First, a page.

Marine Le Pen says she will TEAR DOWN wind turbines, scrap subsidies for renewables and focus on nuclear energy if elected president
- Far-right presidential candidate pledged to support nuclear industry if elected
- Marine Le Pen is on track to make it to the second round of the vote next year
- France produces about 75 per cent of its power in nuclear plants and has an active anti-wind movement, backed by a conservative candidate
- Comments come amid a global energy crisis that has seen supplies of traditional fossil fuels such as coal and gas run low and prices surge
France’s far-right presidential candidate Marine Le Pen has said that she will tear down the country’s wind turbine, end all subsidies for renewable energy, and focus on nuclear energy if elected president.
‘Wind and solar, these energies are not renewable, they are intermittent. If I am elected, I will put a stop to all construction of new wind parks and I will launch a big project to dismantle them,’ Le Pen, who will be the candidate of the Rassemblement National party in the April vote, said on RTL radio.
She added that she would scrap the subsidies for wind and solar, which she said added up to six or seven billion euros per year and put a heavy burden on consumers’ power bills.
Le Pen also said that she would provide strong support for France’s nuclear industry by allowing the construction of several new nuclear reactors, fund a major upgrade of France’s existing fleet and would back the construction of small modular reactors as proposed by President Emmanuel Macron.
Le Pen made it to the second round of the 2017 election, and is expected to do so again, although some recent polls have shown that right-wing talk-show star Eric Zemmour could best her if he decides to run.
Marine Le Pen (right) made it to the second round of the 2017 election, and is expected to do so again [File photo]
In a 2030 roadmap for the French economy presented this week, Macron proposed billions of euros of support for electric vehicles, the nuclear industry and green hydrogen – produced with nuclear – but made little mention of renewable energy.
France produces about 75 per cent of its power in nuclear plants, which means its electricity output has among the lowest carbon emissions per capita of any developed country.
However, it also lags far behind Germany and other European nations in wind and solar investment.
There is an active anti-wind movement, which is supported by the far right and centre right, notably by Xavier Bertrand, the leading conservative contender in the presidential vote.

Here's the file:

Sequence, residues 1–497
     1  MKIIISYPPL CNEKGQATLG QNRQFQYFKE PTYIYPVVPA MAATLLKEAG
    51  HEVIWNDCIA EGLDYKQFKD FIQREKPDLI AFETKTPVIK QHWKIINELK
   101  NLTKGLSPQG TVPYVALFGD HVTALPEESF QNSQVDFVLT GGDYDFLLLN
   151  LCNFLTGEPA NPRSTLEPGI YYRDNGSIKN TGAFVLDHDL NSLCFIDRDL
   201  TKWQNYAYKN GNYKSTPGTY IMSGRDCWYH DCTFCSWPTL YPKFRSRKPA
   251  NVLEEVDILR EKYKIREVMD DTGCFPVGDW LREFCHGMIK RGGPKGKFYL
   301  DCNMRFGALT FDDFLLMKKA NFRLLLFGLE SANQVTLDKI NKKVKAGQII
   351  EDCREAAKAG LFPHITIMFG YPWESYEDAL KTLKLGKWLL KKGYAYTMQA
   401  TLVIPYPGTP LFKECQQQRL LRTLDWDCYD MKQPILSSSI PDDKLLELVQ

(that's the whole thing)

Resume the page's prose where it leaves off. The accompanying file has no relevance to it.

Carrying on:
France is leading a group of ten EU countries pushing for nuclear energy to be labelled ‘green’ as the continent tries to end its dependence on fossil fuels without wrecking the economy.
The group – which includes Poland, Hungary and Finland – argue that nuclear is ‘essential’ to lowering energy costs and ending Europe’s reliance on foreign imports, while also cutting emissions without becoming over-reliant on renewables.
But they are being opposed by another group led by Germany, which gets around 75 per cent of its energy from fossil fuels and stands to benefit from the new Nord Stream 2 gas pipeline from Russia – who argue that it is unsafe.
France produces about 75 per cent of its power in nuclear plants, which means its electricity output has among the lowest carbon emissions per capita of any developed country. Pictured: A nuclear power station in Civaux, France
Pointing to the 1986 Chernobyl disaster and 2011 Fukushima meltdown, the nuclear opponents – backed by some environmental campaigners – say the technology cannot be trusted and that plants produce waste which is difficult to dispose of.
The debate comes amid a global energy crisis that has seen supplies of traditional fossil fuels such as coal and gas run low – causing prices to soar while countries including China and Lebanon suffer blackouts and rationing.
Europe’s energy supply has shot to the top of news agendas in recent weeks, prompted by the severe gas shortage.
The shortage – caused by low production last year during Covid shutdowns and a spike in demand this year as they eased – has caused prices to shoot up amid warnings of blackouts.
European leaders have been forced to turn to Russia, which has the world’s largest gas reserves, for a top-up – but supplies have not been forthcoming.
That has prompted accusations that President Vladimir Putin is deliberately throttling supplies for political leverage, as his energy minister suggested that opening the Nord Stream 2 pipeline would help resolve the crisis.
The pipe – which was completed earlier this year – would bring gas into Europe via Germany, bypassing Poland and Ukraine and depriving them of revenues.
But experts say Russia’s already-existing pipes have more than enough spare capacity, and Nord Stream 2 is simply being used as a bargaining chip.
Yesterday, Putin accused European leaders of being ‘out of their minds’ as he denied withholding gas from the continent as a geopolitical ‘weapon’.
Vladimir Putin yesterday accused European leaders of being ‘out of their minds’ as he denied withholding gas supplies